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141 of 164 people found the following review helpful.
Truly representative of the most important lessons of our lives…..
As a writer and philosopher, this movie in particular just blew me away. The first time I saw the previews for it, I remember thinking that it seemed to have an interesting quality to it which appealed to both my intellectual trades mentioned above. The first time I saw it, I was just blown away, as have I been in the three other times I’ve gone to see it.Logan Thibault (Zac Efron) comes off as being the kind of character who you can really learn a lot from in terms of lust plain old life experiences in general. What other people brand as being ‘mushy’ or ‘cheesy’ I see as being the truth towards understanding how no matter what hand of cards you’re dealt in your life, there is always hope. All you got to to is go and find it. Logan finds himself in this situation while on deployment in the Middle East, where a single, split second decision to pick up a photo amidst a pile of rubble undoubtedly comes to change the course of his entire life. After coming to the realization that finding that photo truly spared his life, along with knowing so many others were not so lucky, he finds himself obliged and determined to find the girl in the photo and thank her.After a brief stay with his sister in Colorado, he sets off on foot to find this girl. His search takes him to a small town in Louisiana where once meeting her, his initial goal of thanking her is derailed as he suddenly finds himself falling in love with her, as well as growing to be very fond of both her eight-year-old son and her feisty grandmother. One thing in particular that I admired greatly about Logan’s character is that he never once detered or swayed when it came to helping someone else in need, or standing beside them when they needed support. This is shown in the film when he rises to support Beth when she is grieving over the loss of her brother as well as amidst the conflict with her abusive ex-husband. At the same time, his imperfections are conveyed through his struggle to come clean with the true reason for which he intended to find Beth.Out of everything, the most prominent element of Logan’s character which resonated in my mind is the level of humility present in his character. He’s not afraid to see things as they really are in his life, and tries his best to change what he can. Even when confronting Beth over the matter of Derek’s picture, he makes his best effort to address the situation as honestly as he can, even when it could mean losing Beth and her family forever. Probably the most shining moment of the movie comes at the end, after Logan explains to Beth the details of her brother’s death which she has wanted to know since his death, when the sum of all of Logan’s actions come together to reward him in the form of Beth saying to him, “You belong here.”I know this as a fact, from personal experience, to be one of life’s greatest lessons, and some people’s inability to understand it is to be expected, as people are not perfect. That just makes the experiences of those who do even more culturally prominent, because passing that lesson on to another person is undoubtedly the most remarkable gift one person can give to another. Therefore, I raise my glass to Sparks, Efron and all those involved and say,”Well done, my friends. Well done.”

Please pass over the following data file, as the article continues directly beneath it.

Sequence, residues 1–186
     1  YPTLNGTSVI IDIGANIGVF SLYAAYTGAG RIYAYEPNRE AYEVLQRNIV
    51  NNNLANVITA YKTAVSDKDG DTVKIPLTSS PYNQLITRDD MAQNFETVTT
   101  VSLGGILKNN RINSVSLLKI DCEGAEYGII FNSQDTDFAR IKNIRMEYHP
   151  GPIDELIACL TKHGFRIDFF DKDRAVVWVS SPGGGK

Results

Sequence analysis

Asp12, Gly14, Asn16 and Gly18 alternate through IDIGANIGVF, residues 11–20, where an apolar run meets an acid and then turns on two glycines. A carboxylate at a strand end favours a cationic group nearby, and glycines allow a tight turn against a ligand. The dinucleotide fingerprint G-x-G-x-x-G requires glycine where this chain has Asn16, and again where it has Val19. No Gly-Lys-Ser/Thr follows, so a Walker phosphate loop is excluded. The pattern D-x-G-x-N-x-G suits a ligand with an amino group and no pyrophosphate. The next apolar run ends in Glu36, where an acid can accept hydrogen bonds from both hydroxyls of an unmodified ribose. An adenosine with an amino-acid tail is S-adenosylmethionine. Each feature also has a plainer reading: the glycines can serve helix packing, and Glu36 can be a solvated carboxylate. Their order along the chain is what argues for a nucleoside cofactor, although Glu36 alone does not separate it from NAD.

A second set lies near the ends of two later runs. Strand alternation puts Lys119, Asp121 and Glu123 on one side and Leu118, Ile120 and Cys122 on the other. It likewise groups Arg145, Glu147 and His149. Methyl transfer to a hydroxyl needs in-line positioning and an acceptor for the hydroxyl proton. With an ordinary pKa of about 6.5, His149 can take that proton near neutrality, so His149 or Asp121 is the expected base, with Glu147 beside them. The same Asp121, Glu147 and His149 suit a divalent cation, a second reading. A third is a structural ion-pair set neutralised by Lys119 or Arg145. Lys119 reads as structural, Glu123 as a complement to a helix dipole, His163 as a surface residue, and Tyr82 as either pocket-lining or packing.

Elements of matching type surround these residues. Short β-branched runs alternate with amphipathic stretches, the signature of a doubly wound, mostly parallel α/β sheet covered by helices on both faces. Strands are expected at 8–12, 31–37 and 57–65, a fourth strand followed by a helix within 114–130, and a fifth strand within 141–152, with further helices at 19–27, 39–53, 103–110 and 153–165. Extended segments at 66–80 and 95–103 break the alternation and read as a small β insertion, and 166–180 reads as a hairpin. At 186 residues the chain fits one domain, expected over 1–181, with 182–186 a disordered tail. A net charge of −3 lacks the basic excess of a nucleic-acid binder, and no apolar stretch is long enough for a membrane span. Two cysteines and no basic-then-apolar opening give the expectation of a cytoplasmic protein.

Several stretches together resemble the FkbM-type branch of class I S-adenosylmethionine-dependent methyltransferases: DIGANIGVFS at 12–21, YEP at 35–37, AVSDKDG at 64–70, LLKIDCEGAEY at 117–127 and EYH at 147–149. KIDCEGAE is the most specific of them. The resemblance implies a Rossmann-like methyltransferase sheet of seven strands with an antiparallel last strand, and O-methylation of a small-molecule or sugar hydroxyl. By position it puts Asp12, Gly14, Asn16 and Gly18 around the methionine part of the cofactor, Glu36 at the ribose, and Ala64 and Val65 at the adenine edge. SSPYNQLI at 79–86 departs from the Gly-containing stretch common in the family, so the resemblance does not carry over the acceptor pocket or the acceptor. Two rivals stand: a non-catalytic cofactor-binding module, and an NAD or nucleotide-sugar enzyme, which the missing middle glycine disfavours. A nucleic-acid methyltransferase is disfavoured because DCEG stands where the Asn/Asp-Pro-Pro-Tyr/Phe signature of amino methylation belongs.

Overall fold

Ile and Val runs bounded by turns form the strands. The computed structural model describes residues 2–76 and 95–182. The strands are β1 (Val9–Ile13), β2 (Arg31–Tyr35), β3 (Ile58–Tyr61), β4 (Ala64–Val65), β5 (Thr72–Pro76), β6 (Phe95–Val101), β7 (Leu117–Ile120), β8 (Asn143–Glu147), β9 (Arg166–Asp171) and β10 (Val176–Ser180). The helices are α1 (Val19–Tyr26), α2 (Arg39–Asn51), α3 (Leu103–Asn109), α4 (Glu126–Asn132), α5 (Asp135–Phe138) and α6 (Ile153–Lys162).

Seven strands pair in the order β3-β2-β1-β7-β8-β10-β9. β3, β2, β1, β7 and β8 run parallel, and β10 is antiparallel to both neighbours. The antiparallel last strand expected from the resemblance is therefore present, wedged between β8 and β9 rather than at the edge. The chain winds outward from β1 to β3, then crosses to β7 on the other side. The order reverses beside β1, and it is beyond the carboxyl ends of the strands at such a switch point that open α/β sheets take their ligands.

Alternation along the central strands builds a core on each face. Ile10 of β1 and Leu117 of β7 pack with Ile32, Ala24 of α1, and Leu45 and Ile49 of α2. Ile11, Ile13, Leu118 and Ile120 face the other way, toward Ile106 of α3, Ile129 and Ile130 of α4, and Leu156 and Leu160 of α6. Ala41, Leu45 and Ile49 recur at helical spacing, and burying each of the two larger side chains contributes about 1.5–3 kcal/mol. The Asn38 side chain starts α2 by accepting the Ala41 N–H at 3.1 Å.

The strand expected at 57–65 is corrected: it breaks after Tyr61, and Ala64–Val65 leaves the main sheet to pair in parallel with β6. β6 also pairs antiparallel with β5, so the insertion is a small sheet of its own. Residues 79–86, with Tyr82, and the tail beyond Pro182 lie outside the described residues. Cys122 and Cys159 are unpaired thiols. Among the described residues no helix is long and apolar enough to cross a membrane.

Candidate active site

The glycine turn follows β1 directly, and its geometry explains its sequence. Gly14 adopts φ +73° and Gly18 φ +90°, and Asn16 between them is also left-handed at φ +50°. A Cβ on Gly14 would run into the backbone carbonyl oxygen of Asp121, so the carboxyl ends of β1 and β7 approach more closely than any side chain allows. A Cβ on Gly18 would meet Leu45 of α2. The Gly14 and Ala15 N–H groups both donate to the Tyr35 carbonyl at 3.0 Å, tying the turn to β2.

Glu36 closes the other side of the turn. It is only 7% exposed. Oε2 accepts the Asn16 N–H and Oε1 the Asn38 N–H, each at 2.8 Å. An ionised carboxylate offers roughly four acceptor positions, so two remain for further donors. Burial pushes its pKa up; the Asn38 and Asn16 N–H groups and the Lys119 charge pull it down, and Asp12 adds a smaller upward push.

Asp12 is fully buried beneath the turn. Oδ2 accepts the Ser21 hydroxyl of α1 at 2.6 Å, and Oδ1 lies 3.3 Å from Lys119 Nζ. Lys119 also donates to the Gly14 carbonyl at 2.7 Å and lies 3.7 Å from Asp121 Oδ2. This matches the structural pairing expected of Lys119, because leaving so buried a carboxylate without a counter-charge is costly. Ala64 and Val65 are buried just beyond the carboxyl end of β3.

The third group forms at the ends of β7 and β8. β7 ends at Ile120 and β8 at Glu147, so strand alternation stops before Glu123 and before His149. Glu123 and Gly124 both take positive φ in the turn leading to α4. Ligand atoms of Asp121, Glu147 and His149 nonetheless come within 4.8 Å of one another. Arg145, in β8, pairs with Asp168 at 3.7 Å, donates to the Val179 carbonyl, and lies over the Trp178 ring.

62 of 76 people found the following review helpful.
…only in the movies, but that’s why we go to the movies…